Sprint Spark support is gradually rolling out to some of the carrier's devices, but there is something to be said for learning how to walk before learning how to run. Large swaths of the US still do not have access to Sprint's LTE network at any speed. Consider the state of Ohio, which until now has only had one city (Salem) on the complete list of supported areas, and that location only joined just last month.
|Bertel King, Jr.||Born and raised in the rural South, Bertel knows what it's like to live without 4G LTE - or 3G, for that matter. He now lives in the City of Bridges, adjusting to the presence of actual snow. His phone of choice is the HTC One.|
Sprint's mobile data is typically not the first, or the second, or even the third to come to mind when looking for a zippy connection in the US, but the company is looking to change this impression with its new tri-band LTE network, more memorably known as Sprint Spark. Unfortunately, only a limited number of the carrier's phones are able to take advantage of this new capability, with some of them requiring an OTA before they're ready.
Update: The Oppo N1 isn't alone. CyanogenMod 11 nightlies are available for the Find 5 as well.
You can get your hands on an Oppo N1 with CyanogenMod pre-installed. Really, it's the first phone to have this as an option, and there's a good chance that's the only reason you even know which phone I'm referring to. Yet as cool as that is, for Android tinkerers, there's just one problem - it's too outdated.
The latest update to the immensely useful Pushbullet app introduces the ability to fully sync your Android device's notification drawer with Chrome on your computer. Previously, users could only watch phone or tablet notifications pop up on their desktop, with a recent version adding the ability to dismiss them from either device. Now Chrome's notification center will fully sync up with your phone's drawer, allowing you to manage alerts even after they've faded from the screen.
Thingiverse is an awful name, but the community behind it shows far more creativity. Just a quick visit to the website reveals pages upon pages of nifty things people have spawned using 3D printers, complete with guidelines for replicating the objects yourself. Now MakerBot has condensed this community down into something that can fit in your pocket. With the new Thingiverse Android app, previously released for iOS back in October, users can browse, like, and comment on the expansive selection of plastic objects from anywhere they wish.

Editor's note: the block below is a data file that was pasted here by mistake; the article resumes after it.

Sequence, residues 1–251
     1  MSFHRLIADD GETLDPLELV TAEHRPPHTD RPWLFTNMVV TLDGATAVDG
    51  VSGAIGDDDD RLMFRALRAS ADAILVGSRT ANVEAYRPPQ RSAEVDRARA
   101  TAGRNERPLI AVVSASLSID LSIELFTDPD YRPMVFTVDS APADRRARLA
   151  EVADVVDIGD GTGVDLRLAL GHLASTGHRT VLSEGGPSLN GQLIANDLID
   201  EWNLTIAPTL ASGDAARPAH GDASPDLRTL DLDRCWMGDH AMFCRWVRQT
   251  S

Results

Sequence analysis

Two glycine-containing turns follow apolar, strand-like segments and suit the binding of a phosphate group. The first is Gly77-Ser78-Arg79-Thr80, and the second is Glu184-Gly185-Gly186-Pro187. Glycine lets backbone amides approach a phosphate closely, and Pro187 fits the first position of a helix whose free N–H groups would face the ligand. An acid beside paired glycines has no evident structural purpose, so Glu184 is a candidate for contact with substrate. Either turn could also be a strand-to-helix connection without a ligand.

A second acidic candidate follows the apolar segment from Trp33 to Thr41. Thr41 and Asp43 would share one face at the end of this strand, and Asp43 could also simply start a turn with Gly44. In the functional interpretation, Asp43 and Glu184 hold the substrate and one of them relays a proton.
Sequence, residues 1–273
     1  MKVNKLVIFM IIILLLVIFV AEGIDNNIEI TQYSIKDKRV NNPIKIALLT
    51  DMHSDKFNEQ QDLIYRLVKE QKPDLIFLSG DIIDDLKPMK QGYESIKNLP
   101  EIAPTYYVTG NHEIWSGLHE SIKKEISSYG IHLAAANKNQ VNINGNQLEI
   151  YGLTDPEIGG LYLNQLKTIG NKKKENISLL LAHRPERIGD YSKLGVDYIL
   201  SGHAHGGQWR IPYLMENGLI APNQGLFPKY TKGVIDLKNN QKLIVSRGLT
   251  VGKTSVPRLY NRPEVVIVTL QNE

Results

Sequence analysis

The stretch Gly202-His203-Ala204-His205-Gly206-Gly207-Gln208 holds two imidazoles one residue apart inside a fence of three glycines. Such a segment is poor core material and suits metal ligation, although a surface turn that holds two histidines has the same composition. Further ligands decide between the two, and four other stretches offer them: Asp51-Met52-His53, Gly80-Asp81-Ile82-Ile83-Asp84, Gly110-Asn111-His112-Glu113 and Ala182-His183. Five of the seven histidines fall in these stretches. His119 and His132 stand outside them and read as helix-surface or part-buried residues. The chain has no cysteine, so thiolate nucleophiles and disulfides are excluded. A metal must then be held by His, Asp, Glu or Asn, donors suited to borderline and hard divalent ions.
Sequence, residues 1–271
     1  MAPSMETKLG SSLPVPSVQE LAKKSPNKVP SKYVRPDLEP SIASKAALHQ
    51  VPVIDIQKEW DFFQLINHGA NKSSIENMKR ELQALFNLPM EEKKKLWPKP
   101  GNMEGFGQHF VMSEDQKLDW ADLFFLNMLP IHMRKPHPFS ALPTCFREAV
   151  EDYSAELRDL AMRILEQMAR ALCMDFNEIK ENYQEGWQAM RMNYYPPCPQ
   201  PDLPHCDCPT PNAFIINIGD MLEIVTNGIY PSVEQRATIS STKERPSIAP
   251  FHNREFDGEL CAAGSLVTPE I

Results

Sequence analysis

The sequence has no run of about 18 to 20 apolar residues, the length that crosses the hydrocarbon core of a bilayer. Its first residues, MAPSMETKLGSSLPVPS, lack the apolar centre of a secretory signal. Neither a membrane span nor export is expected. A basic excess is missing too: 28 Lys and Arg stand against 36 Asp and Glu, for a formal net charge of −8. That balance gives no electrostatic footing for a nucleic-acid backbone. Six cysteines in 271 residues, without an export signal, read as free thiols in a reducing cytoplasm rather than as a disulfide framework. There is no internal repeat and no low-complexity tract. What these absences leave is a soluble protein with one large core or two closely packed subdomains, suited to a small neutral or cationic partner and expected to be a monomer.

The warriors of LEGO's Ninjago franchise aren't your old-school ninjas of feudal Japan. These heroes are bold enough to draw their blades in a more modern time, one filled with futuristic corridors, glowing elevator shafts, and dangerous lasers. Yet unlike Tecmo's Ryu Hayabusa, these ninjas don't square off against armed gunmen. They're out to rid Ninjago City of the possessed-scientist Cyrus Borg and his army of minions. Of course, the only way to do this in Ninjago Rebooted is by racing to the top of Borg Tower.
Unlocking our phones is quite the hassle. Sticking a PIN or password on the lock screen is your most reliable option, but inputting that information every time admittedly gets old. There's face unlock, but that's too easy to circumvent. As for fingerprint scanning? The required hardware isn't exactly widespread. So now Descartes Biometrics is offering users the ability to unlock their smartphones... using their ears.
Once installed, ERGO serves as your phone's lockscreen.
Sony announced the Xperia Z1s at CES earlier this month, and it quickly showed up on T-Mobile's website. So Americans looking to just own the handset have had a week to order one online from the carrier, while those wanting a deeper relationship with the device - to love it for what's on the inside, rather than the outside - have had to wait a little longer. But now their opportunity has come as well.
There was a time not so long ago when entering keywords into a search engine and getting back a list of relevant URLs was convenient enough, but these days, long after the novelty of search engines has worn off, sifting through pages of blue and purple links can feel quite tedious. So Google is continuing to do more to make using its primary service easier. Starting today, when you click on the name next to a website's link in your search results, you will get served a small window providing a little bit more information than what's provided on the page.
Most games that get released for Android are decidedly casual. They're intended for quick, pick-up-and-play encounters when you have a few moments to kill while waiting in the fast food line or in the back seat of a cab. Most, frankly, can't compare to the lean-back experience we get from console games (or the lean-forward immersion of their PC brethren). Square Enix's Deus Ex: The Fall is a different beast entirely.